U.S.A., Washington State. USDA zone 8a. Sunset climate zone 5

Monday, June 8, 2009

Thank You! It's Joe Pie Weed!

Of course, it is Joe Pie Weed, a perennial that is native to North America!!!
Thank you everyone who looked at the pictures and tried to guess.
The moment I saw Randy Emmitt and Tina comments and later Kathleen, susanjtweit and Frances comments, I remembered that I got several little plants last year from my friend who grew them from seeds. They were not prominent last summer, just about 2' tall. The blooms were puny, also. (So, I didn't pull them all out and I did see the blooms!)
I can't even see JPW on the picture below, although it should be somewhere here in this jungle!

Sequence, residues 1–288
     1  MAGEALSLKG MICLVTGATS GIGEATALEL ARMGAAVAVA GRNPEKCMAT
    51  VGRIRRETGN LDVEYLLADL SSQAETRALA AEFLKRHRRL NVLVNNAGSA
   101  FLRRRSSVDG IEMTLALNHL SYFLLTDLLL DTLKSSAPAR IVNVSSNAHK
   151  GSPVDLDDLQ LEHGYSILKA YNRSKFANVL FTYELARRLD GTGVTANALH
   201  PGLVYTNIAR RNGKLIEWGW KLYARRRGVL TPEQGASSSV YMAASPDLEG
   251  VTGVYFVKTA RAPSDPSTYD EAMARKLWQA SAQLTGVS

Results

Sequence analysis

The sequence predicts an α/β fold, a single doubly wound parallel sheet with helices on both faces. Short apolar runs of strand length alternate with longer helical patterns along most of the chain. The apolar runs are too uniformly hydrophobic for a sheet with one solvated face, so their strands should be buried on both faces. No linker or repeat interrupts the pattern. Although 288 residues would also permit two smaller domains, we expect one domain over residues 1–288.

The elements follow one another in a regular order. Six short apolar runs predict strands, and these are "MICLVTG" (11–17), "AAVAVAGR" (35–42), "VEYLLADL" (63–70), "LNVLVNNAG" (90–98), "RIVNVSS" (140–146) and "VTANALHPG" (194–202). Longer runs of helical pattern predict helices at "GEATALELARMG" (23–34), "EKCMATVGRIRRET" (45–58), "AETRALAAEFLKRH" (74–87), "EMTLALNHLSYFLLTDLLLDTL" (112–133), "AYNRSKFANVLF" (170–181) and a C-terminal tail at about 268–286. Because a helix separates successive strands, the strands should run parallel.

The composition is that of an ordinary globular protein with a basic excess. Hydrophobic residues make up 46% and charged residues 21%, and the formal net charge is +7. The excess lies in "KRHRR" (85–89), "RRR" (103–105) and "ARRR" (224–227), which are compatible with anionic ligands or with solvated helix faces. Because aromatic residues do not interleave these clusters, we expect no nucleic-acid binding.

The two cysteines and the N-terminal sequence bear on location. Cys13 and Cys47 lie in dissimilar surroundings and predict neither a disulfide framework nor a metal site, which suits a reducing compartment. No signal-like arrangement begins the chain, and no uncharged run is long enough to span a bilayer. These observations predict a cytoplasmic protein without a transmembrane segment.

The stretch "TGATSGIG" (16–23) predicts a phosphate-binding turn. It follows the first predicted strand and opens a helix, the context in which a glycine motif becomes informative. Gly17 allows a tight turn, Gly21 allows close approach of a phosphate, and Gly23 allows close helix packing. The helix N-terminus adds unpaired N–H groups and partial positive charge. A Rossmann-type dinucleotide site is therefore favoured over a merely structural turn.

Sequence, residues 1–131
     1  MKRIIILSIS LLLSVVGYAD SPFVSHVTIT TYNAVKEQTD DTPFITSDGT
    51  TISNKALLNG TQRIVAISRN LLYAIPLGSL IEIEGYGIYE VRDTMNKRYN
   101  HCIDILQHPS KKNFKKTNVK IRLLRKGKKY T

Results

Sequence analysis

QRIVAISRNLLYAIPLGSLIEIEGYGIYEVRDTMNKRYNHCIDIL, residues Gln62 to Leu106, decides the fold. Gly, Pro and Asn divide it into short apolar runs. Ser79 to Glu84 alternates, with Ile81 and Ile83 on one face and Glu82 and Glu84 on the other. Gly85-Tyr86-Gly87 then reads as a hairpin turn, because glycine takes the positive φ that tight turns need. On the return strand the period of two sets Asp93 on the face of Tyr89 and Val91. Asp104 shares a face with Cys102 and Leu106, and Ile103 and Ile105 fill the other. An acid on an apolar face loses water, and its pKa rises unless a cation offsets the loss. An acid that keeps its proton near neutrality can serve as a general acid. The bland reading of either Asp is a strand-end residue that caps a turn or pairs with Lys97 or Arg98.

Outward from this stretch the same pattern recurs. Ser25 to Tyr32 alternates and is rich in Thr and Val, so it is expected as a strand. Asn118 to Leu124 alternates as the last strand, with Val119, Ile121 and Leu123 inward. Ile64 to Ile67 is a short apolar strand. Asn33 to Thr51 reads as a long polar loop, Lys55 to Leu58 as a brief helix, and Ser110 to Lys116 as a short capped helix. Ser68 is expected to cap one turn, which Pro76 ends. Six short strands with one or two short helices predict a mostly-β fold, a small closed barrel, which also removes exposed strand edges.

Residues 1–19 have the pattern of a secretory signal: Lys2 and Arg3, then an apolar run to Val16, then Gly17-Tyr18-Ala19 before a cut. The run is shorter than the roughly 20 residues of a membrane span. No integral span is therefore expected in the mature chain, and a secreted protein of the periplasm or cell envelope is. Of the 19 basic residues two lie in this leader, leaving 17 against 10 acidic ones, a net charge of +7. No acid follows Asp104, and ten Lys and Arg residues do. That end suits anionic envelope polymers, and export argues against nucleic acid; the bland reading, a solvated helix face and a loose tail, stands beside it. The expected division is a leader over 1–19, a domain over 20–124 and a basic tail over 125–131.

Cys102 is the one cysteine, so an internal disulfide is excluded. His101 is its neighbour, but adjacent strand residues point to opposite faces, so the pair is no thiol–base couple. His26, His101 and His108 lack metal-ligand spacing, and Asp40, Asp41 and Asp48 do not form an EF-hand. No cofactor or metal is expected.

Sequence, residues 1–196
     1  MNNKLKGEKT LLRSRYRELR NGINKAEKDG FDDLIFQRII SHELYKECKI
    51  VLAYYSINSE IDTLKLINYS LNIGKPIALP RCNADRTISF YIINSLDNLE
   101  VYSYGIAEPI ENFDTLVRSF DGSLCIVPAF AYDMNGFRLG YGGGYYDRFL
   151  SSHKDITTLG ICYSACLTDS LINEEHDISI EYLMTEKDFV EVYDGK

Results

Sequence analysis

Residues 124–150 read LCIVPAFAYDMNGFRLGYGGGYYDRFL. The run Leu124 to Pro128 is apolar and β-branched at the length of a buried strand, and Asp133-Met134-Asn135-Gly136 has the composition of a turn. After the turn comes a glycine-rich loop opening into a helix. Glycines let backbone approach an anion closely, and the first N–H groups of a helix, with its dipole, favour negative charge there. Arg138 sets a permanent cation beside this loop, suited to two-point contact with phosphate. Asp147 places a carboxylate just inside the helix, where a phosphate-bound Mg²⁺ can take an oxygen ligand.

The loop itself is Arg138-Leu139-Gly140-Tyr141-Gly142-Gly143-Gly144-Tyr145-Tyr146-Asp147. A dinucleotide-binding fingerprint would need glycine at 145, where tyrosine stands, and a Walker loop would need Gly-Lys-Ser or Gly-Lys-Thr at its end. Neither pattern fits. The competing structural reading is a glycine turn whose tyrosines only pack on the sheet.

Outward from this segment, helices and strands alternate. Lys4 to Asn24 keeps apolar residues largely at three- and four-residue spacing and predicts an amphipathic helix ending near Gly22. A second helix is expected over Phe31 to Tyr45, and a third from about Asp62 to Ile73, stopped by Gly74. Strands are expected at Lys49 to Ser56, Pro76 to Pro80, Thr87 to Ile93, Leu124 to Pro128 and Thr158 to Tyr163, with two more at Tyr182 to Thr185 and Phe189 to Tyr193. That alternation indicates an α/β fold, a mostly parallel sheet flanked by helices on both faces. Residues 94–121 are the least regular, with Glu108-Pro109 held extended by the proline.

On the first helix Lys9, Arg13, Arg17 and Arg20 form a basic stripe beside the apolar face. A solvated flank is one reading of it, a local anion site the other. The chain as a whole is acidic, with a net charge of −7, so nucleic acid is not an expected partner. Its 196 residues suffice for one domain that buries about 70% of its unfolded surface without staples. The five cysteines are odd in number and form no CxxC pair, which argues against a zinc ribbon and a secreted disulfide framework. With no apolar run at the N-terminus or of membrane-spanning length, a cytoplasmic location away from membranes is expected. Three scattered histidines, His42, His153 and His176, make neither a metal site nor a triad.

(But I see something in the right part of the picture that I need to remove from this bed - it's a tomato-red geum as Grace called it, which doesn't go at all with this color pallate!)

I was not prepared to see two stately, tall multistemmed plants which emerged this spring.

What impressed me was how they appeared: several strong shoots with nice looking furled top leaves that created a clump.

What was confusing is that I have tens of seedlings nearby and believed that they were Joe Pie Weed seedlings (Now, I know that they are not!
They should be .... foxgloves!)

I don't know what type of JPW I have. While researching, I met such names as Coastal Plain Joe-Pye Weed, Hollow Joe-Pye Weed, Spotted Joe-Pye Weed,Sweet Joe-Pye Weed, Green-stemmed Joe-Pye Weed, Queen of the Meadow, Gravel Root, Kidney Root, Purple Boneset.

In my garden, JPW gets full sun and regular watering. I don't want it to grow very tall.
They say, depending on the species and the growing location, it can get very tall (up to 8-12!!! feet).